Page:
Facebook reportedly ignored fake accounts being used to undermine elections via misinformation posted on the social media platform, according to a leaked memo. The 6,000-word memo, written by a former Facebook data scientist and seen by BuzzFeed News, said the site reacted slowly to evidence of coordinated campaigns to influence political results globally.
"In the three years I've spent at Facebook, I've found multiple blatant attempts by foreign national governments to abuse our platform on vast scales to mislead their own citizenry," the memo reportedly says. "I have personally made decisions that affected national presidents without oversight ... I know that I have blood on my hands by now."
The memo was written by Sophie Zhang, who BuzzFeed News said was recently fired. Zhang didn't speak to the publication.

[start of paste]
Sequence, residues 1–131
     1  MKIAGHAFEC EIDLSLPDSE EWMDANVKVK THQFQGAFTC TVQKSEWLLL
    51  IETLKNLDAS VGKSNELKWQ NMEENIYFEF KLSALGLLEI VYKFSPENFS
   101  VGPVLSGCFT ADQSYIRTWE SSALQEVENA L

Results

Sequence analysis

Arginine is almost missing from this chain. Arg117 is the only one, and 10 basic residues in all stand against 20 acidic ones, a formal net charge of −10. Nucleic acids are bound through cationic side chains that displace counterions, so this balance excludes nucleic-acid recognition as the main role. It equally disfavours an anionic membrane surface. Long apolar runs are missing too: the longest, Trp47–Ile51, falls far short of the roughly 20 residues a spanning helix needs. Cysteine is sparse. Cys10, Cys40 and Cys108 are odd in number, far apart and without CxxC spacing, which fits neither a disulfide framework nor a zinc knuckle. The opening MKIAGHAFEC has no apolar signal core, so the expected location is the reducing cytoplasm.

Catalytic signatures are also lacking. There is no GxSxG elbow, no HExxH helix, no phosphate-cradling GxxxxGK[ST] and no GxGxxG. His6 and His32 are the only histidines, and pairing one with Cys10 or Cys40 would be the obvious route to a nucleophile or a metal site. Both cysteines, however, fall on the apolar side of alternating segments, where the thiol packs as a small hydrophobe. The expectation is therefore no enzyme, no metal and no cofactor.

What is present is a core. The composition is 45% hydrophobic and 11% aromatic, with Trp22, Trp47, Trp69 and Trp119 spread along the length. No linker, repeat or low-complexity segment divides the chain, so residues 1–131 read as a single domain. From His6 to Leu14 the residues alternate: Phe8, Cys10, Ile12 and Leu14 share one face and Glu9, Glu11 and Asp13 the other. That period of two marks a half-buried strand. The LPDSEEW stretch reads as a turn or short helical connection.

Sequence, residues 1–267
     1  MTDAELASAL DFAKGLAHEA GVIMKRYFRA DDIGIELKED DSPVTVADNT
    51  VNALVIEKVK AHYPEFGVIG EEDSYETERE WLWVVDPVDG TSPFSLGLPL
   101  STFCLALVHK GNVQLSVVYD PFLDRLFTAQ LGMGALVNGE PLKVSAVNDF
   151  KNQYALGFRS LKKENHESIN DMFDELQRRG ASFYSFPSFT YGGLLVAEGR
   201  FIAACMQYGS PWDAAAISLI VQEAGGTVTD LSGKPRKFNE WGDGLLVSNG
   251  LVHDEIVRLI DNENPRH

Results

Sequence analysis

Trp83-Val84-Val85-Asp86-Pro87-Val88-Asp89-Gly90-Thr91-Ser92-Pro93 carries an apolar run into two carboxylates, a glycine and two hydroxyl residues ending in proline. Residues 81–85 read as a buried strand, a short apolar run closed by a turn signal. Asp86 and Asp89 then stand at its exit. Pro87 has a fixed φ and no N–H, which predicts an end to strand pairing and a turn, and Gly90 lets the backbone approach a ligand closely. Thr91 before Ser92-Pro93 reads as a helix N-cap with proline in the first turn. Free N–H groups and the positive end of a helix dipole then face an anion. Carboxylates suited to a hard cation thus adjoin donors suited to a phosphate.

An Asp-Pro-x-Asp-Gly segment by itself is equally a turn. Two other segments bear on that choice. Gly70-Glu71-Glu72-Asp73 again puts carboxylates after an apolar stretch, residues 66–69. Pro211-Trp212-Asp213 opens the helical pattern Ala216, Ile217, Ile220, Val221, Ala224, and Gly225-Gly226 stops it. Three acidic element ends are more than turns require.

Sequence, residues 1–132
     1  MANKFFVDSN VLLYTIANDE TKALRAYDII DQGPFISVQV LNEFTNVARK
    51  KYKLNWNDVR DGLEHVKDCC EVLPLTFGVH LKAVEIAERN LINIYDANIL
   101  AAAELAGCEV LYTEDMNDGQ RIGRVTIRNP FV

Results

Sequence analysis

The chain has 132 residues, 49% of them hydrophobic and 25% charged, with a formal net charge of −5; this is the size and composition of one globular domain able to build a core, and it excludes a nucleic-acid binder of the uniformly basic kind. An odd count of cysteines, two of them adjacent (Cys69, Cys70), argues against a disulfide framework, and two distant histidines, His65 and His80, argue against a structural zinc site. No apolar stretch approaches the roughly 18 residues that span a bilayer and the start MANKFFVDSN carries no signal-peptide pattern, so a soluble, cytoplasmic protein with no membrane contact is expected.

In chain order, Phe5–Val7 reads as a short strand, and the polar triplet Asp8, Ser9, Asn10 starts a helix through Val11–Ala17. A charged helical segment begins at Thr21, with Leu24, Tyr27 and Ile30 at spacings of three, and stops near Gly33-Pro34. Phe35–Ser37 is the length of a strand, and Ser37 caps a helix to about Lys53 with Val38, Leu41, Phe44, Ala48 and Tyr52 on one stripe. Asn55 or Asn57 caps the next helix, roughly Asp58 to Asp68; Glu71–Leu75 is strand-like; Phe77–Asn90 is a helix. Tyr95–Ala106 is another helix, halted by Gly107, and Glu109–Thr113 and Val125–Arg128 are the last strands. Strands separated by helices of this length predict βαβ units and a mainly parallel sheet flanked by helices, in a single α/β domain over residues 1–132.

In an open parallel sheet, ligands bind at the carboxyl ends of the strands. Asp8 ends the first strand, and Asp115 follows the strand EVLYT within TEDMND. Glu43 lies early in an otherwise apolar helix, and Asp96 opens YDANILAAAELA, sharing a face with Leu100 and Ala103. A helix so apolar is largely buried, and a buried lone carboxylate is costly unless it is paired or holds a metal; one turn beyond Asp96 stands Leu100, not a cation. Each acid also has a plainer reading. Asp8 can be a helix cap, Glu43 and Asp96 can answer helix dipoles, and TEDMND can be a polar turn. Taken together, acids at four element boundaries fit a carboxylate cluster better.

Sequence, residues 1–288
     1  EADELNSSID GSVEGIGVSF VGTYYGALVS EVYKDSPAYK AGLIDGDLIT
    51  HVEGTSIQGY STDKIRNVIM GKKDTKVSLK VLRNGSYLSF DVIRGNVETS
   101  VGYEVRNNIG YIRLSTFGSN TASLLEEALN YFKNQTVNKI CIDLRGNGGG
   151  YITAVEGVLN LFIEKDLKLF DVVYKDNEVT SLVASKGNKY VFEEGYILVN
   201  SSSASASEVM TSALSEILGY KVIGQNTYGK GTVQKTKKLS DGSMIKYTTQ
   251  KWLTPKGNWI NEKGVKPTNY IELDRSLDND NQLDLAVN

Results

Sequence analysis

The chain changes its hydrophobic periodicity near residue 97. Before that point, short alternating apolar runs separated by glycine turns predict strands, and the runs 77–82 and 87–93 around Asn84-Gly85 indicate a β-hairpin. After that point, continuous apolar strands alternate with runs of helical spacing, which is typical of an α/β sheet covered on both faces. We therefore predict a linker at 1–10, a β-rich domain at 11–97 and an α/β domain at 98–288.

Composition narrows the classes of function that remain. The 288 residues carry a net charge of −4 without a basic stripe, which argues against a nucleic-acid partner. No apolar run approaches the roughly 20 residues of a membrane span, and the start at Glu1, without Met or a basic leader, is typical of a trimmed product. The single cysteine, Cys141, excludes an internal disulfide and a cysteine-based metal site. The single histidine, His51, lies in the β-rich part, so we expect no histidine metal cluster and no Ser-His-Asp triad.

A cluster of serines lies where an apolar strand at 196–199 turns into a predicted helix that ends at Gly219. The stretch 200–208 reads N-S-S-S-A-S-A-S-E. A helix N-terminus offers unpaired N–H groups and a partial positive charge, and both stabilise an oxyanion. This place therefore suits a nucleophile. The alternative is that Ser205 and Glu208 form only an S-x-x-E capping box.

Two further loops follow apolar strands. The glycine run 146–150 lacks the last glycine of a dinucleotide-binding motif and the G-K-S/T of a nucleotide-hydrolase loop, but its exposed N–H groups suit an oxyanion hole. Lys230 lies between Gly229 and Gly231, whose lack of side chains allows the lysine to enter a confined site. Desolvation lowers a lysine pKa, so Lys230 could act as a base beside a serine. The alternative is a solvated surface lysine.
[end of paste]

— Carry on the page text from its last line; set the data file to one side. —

She pointed to examples of coordinated campaigns being used to mislead people in the US, Honduras, Azerbaijan, Brazil, Ukraine, Spain, India, Bolivia and Ecuador in the reported memo. Facebook only began investigating the Azerbaijan incident a year after Zhang reported it, according to the report, and it took nine months for Facebook's leadership to act on a Honduran misinformation campaign.
During the 2018 elections, Facebook had to remove more than 10 million fake reactions and followers from politicians in the US and Brazil, the report says. And Facebook was more focused on spam removal rather than the societal impact of coordinated attacks, according to the reported memo.
"Overall, the focus of my organization -- and most of Facebook -- was on large-scale problems, an approach which fixated us on spam," Zhang reportedly wrote. "The civic aspect was discounted because of its small volume, its disproportionate impact ignored."
Facebook didn't immediately respond to a request for comment. CNET wasn't able to immediately reach Zhang.